Orthorexia Disorder

Orthorexia Disorder

In 1996, Steven Bratman coined the term Orthorexia Disorder, when he observed a large number of his patients being overly health-obsessed. The term was used, not as a diagnosis, however to help patients understand that ‘over’ healthy eating may not be as beneficial as they thought. Today, orthorexia disorder is not recognised as a disorder in the Diagnostic and Statistical Manual (DSM-V). However in recent years the trend to be healthy and ‘eat clean’ has become more prevalent. shifanews

Orthorexia versus eating disorders

Orthorexia disorder, unlike anorexia nervosa and bulimia, does not focus on the individual wanting to be thin or lose weight. However, the individual fixates on eating healthy to the point where it becomes a crippling compulsion. Other traits associated with this condition include an obsessive focus on the choice of food, planning, buying, preparation and consumption, discomfort when meals are not planned in advance and a belief that food is only a source of health rather than pleasure. Also a persistent belief that eating obsessively ‘clean’ is health-promoting despite evidence of malnutrition. shifanews

Orthorexia focuses on the quality of the food, whereas the focus in anorexia and bulimia is on the quantity of food intake. As a result of this condition, individuals are likely to spend hours obsessing and stressing over their food, which can lead to low self-esteem, social isolation, severe anxiety or depression. shifanews

Does it fall under eating disorder category? shifanews

It is argued whether this condition would fall under an eating disorder (such as anorexia nervosa and bulimia) due to the primary focus being on healthy diet and lifestyle. However, others argue that it fits more neatly with obsessive compulsive disorder (OCD) due to the fixation on only eating clean food and the sense of control the individual exhibits. Regardless of which category orthorexia falls under, the effects of this psychological condition can cause detrimental physical, psychological and social effects on the individual over time. shifanews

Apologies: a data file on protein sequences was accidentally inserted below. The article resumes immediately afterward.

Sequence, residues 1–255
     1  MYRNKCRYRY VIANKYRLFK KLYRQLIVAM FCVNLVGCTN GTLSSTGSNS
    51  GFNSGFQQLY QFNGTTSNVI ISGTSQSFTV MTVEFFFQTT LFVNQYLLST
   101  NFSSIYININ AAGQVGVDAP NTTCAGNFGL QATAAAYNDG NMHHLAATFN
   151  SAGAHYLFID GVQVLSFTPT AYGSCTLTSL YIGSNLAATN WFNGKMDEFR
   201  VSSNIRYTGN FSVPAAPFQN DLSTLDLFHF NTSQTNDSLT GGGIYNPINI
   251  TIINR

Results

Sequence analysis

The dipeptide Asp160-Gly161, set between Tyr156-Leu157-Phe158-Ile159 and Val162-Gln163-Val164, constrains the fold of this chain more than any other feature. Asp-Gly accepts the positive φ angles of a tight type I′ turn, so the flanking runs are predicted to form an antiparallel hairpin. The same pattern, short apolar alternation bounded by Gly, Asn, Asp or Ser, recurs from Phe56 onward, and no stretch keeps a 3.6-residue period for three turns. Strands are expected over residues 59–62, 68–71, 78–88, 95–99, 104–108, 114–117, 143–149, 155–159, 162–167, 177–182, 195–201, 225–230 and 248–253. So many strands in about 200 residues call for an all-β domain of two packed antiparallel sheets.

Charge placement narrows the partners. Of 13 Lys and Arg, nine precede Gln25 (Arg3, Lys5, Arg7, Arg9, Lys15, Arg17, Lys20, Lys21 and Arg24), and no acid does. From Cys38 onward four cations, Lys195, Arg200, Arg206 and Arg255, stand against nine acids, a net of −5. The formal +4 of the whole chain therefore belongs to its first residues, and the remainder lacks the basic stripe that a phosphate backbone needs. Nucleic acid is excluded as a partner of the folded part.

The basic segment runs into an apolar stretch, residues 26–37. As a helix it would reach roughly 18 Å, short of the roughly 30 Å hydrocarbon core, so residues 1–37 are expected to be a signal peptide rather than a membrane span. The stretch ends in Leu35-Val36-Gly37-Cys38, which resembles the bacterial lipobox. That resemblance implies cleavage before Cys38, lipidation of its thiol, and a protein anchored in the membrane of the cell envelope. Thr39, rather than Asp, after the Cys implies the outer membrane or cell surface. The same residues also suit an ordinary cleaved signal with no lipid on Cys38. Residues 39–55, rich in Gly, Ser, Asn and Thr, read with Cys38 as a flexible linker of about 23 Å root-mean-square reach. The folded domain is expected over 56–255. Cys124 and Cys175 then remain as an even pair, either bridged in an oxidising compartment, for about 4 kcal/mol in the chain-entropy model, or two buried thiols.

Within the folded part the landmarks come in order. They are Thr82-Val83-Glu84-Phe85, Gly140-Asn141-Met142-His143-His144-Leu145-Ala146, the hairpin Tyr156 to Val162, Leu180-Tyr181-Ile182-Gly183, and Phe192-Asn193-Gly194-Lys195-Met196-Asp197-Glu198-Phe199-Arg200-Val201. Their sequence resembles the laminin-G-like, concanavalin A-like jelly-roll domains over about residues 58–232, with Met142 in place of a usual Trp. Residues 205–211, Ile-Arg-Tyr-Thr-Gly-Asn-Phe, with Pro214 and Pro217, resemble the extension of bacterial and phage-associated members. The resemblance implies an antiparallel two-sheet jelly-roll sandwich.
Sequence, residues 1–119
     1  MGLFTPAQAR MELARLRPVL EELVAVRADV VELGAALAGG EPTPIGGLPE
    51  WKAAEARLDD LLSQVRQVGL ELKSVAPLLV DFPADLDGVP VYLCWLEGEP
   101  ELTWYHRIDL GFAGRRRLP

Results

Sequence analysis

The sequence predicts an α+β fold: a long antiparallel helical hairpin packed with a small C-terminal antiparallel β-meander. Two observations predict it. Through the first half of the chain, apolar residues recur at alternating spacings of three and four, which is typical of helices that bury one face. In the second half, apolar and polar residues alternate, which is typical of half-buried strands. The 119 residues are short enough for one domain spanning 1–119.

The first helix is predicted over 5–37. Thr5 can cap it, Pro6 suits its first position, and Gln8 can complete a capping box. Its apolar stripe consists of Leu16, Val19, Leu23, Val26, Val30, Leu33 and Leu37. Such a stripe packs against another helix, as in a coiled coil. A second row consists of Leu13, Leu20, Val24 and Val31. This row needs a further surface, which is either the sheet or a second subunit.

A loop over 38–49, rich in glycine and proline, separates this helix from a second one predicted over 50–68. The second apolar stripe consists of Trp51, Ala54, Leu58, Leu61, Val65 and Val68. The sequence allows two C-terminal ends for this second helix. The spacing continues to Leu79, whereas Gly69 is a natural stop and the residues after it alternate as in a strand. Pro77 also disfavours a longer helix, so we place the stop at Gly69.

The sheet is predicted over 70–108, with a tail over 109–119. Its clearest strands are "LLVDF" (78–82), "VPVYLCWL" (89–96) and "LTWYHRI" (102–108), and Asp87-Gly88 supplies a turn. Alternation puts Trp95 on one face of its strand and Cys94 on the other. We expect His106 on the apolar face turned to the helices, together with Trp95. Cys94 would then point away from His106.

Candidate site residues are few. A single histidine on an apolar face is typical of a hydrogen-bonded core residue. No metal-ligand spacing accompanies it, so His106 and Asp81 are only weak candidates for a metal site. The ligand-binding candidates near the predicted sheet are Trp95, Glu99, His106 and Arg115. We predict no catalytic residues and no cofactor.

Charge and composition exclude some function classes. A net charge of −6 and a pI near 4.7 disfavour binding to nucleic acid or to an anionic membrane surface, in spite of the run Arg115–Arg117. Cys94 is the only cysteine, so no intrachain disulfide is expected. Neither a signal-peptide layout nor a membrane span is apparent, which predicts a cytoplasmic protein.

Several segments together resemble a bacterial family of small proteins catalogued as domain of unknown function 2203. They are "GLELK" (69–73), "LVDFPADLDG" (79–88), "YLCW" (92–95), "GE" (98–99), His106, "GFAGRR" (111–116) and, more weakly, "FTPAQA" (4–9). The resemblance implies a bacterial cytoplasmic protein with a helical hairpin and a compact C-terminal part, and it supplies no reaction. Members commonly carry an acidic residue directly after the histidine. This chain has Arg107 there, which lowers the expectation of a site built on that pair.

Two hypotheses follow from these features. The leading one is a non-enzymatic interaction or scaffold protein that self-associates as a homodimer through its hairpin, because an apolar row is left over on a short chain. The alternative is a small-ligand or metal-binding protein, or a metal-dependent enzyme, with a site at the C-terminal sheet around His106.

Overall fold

Statistics

In an American study, it showed that more than 90 percent women are more prone to developing an eating disorder in comparison to men. And in 86 percent of cases they develop before the age of 20. As mentioned above, this condition is still under-going research in order to provide a better understanding as well as helping professionals identify the condition within the general population. It is still a condition that has not been recognised in many countries around the world, including Pakistan. Further research  can help create awareness and help to overcome such effects. shifanews

Diagnosis and Treatment

Though orthorexia is not diagnosable, it does however still require treatment for those suffering the identified traits of the condition. Treating an individual suffering from the disorder would entail similar methods to that of anorexia, bulimia and even OCD, which would first include the individual recognising their behaviour and understanding what caused the obsession. Once this is established then the individual can be offered cognitive behaviour therapy (CBT) in which the professional can work through the condition with the individual by helping them change their thought process and beliefs surrounding what they eat. shifanews


The writer is a Forensic Psychologist in UK

orthorexia disorder, orthorexia versus anorexia

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